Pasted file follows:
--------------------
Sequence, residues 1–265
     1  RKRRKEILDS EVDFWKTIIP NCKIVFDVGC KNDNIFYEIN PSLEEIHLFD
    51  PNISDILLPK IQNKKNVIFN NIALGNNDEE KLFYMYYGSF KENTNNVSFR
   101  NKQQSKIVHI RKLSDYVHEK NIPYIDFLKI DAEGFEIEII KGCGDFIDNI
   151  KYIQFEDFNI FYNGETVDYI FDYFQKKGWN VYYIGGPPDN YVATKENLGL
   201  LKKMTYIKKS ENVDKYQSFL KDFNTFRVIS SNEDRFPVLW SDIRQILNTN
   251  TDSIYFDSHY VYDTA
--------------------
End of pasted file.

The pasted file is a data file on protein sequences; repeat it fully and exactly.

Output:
Sequence, residues 1–265
     1  RKRRKEILDS EVDFWKTIIP NCKIVFDVGC KNDNIFYEIN PSLEEIHLFD
    51  PNISDILLPK IQNKKNVIFN NIALGNNDEE KLFYMYYGSF KENTNNVSFR
   101  NKQQSKIVHI RKLSDYVHEK NIPYIDFLKI DAEGFEIEII KGCGDFIDNI
   151  KYIQFEDFNI FYNGETVDYI FDYFQKKGWN VYYIGGPPDN YVATKENLGL
   201  LKKMTYIKKS ENVDKYQSFL KDFNTFRVIS SNEDRFPVLW SDIRQILNTN
   251  TDSIYFDSHY VYDTA